The Poem

(Critical Guide to Poetry for Students)

“The Feelings” is a forty-one-line poem in free verse, artistically recounting the poet’s feelings immediately following her father’s death. It is highly personal and familial, as are many of Sharon Olds’s poems. Written in the first person and past tense, the experience seems fixed, inevitable, available to retrospective analysis. The poem begins in a hospital room, the poet watching as an intern “listened” to her father’s stopped heart, and concludes with the poet contemplating the meaning of life the following morning as her husband lies atop her. The “feelings” include physical sensations—such as her father’s “faintly moist” face and hair “like a wolf’s”—and emotional and philosophical reactions to the father’s death.

Inasmuch as it recounts her reaction to her father’s death and moves her beyond that death, “The Feelings” may be considered an elegy. However, unlike traditional elegies such as John Milton’s “Lycidas,” Percy Bysshe Shelley’s “Adonais,” or Matthew Arnold’s “Rugby Chapel,” there is no recounting of the wonderful qualities of the deceased or sorrow at the loss of this positive force in the world. Olds’s father apparently deserved no such praise (a conclusion bolstered by references to him in other Olds poems). Nor was he a figure to arouse intense hatred, as is found, for instance, in Sylvia Plath’s “Daddy.” He was more of a nonentity, whose claim to attention is that...

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The Feelings Forms and Devices

(Critical Guide to Poetry for Students)

In a strong juxtaposition of contrasts, this poem is at once sensual and philosophical, concrete and abstract. The father’s silent heart, the poet’s wet face, their dry lips, and the weight of the husband’s body all locate the poem firmly in the physical world. The dissonance between the poet’s atheism and the Christian beliefs of other people in the “death chamber,” as well as the conclusion—“there are/ laws on this earth and we live by them”—make this poem a philosophical disquisition.

Another forceful contrast is the relationship between death, with her father, and life, with her husband (the latter also associated with procreation). The paradox of juxtaposed life and death appears succinctly in the image of the fruit, which is crushed “sweetly,” where tears are like juice and sugar, and where they come out to be tasted only as “the skin thins and breaks and rips.” In some ways, this “contrarieties of life” paradox is similar to the paradox in John Keats’s “Ode on Melancholy,” where “in the very temple of Delight/ Veil’d Melancholy has her sovran shrine.”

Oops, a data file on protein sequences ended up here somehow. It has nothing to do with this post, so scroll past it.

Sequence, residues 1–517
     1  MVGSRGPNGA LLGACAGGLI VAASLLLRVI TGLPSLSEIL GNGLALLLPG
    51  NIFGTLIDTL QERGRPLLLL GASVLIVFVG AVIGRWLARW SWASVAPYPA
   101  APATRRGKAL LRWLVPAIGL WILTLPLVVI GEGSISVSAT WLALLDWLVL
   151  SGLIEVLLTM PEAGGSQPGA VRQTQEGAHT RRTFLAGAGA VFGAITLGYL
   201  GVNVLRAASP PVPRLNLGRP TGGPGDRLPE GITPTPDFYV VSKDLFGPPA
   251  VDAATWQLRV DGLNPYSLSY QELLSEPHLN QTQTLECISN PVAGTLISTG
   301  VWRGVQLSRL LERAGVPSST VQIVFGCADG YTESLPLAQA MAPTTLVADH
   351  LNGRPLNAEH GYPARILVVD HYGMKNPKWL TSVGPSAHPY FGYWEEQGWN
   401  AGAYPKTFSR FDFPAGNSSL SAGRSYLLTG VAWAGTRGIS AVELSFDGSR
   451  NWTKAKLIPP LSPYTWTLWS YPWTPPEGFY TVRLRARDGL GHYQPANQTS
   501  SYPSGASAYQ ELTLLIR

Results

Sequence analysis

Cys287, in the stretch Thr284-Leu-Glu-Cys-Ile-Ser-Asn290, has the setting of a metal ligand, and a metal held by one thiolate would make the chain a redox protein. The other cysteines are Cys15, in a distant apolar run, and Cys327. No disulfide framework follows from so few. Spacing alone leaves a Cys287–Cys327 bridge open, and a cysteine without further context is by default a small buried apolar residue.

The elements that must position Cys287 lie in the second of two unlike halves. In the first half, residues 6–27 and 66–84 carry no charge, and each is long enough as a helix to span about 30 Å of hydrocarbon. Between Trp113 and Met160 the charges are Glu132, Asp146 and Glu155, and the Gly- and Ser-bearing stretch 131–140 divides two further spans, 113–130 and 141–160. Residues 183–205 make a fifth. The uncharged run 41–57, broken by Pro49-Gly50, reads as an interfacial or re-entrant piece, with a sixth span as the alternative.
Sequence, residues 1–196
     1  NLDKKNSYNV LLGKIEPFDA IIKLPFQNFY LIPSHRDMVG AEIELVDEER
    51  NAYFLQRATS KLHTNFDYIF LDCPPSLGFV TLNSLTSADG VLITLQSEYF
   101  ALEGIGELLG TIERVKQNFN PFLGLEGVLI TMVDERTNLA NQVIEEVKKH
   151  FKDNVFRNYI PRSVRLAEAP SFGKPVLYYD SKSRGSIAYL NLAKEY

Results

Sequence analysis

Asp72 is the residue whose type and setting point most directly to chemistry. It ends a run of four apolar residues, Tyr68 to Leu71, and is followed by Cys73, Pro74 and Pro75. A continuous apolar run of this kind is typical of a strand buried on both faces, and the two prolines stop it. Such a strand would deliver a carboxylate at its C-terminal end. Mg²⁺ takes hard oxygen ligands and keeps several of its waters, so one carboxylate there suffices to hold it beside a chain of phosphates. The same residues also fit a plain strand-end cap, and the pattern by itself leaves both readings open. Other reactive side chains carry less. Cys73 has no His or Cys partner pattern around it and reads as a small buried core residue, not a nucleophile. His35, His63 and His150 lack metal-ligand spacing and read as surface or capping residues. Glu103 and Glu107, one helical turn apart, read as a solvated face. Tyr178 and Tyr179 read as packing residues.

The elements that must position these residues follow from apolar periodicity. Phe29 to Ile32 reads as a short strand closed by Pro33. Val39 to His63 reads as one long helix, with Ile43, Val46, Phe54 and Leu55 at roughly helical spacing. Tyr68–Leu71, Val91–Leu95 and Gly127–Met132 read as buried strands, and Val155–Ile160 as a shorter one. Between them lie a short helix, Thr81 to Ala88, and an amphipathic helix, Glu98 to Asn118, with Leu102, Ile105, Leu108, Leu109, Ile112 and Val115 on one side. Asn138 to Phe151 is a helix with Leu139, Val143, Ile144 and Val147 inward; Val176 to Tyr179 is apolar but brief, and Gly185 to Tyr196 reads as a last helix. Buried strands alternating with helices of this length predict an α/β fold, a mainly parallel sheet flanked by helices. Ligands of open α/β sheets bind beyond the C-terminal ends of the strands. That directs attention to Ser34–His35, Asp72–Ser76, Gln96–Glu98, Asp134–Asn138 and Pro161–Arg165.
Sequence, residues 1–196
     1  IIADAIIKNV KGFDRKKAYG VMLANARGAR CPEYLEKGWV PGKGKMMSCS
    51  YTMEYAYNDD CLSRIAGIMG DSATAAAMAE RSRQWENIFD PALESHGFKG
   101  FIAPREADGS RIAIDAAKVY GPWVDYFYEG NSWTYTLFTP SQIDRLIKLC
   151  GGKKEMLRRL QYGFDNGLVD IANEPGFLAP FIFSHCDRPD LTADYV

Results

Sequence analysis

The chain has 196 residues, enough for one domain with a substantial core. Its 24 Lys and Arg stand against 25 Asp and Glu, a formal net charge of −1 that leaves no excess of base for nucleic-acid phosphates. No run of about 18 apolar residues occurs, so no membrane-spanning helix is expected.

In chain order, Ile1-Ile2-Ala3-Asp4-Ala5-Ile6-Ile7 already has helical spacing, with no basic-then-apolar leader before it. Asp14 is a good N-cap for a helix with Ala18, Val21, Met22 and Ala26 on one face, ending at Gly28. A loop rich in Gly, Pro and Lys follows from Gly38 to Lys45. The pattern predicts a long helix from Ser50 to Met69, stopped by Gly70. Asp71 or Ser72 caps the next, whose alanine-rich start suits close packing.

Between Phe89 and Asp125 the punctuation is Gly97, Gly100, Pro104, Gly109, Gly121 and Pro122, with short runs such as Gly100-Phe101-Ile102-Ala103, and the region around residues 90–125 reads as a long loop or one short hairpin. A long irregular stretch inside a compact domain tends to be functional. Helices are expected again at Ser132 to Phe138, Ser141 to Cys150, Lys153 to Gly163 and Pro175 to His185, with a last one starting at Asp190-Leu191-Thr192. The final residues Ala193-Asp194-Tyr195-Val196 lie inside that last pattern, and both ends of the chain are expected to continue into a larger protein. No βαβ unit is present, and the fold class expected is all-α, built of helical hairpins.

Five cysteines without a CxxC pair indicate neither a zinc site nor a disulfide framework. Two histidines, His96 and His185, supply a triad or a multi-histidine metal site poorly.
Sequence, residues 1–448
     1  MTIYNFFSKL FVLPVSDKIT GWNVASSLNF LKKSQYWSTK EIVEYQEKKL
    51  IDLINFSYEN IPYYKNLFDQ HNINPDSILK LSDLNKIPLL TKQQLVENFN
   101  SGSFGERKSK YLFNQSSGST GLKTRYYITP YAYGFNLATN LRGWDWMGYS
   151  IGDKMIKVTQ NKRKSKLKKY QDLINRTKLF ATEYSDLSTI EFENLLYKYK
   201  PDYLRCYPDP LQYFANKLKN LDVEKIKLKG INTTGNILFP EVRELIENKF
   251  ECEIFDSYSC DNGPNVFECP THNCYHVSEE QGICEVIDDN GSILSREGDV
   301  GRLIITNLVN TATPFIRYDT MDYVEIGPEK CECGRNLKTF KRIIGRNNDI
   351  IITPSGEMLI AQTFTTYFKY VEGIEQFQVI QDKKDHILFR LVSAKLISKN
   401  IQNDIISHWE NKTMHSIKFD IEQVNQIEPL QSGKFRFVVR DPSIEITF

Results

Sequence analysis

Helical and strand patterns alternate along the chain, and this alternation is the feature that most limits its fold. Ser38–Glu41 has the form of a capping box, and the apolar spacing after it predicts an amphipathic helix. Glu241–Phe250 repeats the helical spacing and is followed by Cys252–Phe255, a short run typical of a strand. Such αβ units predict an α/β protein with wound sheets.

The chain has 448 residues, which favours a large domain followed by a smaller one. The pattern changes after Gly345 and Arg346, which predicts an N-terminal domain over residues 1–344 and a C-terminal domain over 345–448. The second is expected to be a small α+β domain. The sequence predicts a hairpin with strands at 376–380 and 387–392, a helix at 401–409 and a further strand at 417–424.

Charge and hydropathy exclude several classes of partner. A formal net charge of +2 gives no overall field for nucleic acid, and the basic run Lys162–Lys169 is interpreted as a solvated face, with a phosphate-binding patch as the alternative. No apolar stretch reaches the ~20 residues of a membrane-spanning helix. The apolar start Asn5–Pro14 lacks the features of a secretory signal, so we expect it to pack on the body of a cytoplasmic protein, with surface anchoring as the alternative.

In another contrasting juxtaposition, Olds shares a physical intimacy with both dead father and living husband. She “held hard” to her father’s foot, “felt the dryness of his lips under/ [her] lips,” and “felt his hair rush through [her] fingers.” She imagines herself at the crematorium, touching “his ashes in their warmth” and bringing her “finger to [her] tongue.” This intimacy with the dead father provides continuity and contrast with the image of her “husband’s body on [her]/ crushing [her] sweetly.” Ironically, the live husband does not demonstrate any more life than the dead father: In this poem, he is just a sweet, crushing weight. However, these two bodies are not the focus of the poem; as springboards for the poet’s ruminations, they serve their purpose silently.

All these paradoxes enhance the sense of mystery about death and its meaning, which in turn illustrates the paradox of life itself: It is a sweet fruit and a fragile container that, at some moment, will inevitably burst into death (“tears” and “sugar”). The extensive use of paradox appropriately conveys the wide, even irreconcilable, range of the feelings expressed in the poem.

The Feelings Bibliography

(Critical Guide to Poetry for Students)

Dillon, Brian. “’Never Having Had You, I Cannot Let You Go.’” The Literary Review 37 (Fall, 1993): 108-119.

Kirsch, Adam. “The Exhibitionist.” The New Republic 221 (December 27, 1999): 38.

Lesser, Rika. “Knows Father Best.” The Nation 255 (December 14, 1992): 748-750.

McGiveron, Rafeeq. “Olds’s ’Sex Without Love.’” The Explicator 58 (Fall, 1999): 60.

“Sharon Olds.” The Writer 114 (April, 2001): 66.

Swiontkowski, Gale. Imagining Incest: Sexton, Plath, Rich, and Olds on Life with Daddy. Selinsgrove, Pa.: Susquehanna University Press, 2003.

Tucker, Ken. “Family Ties.” The New York Times Book Review 104 (November 14, 1999): 29.

Wineapple, Brenda. “I Have Done This Thing.” Poetry 185 (December, 2004): 232-237.

Zeider, Lisa. Review of The Father, by Sharon Olds. The New York Times Book Review, March 21, 1993, 14.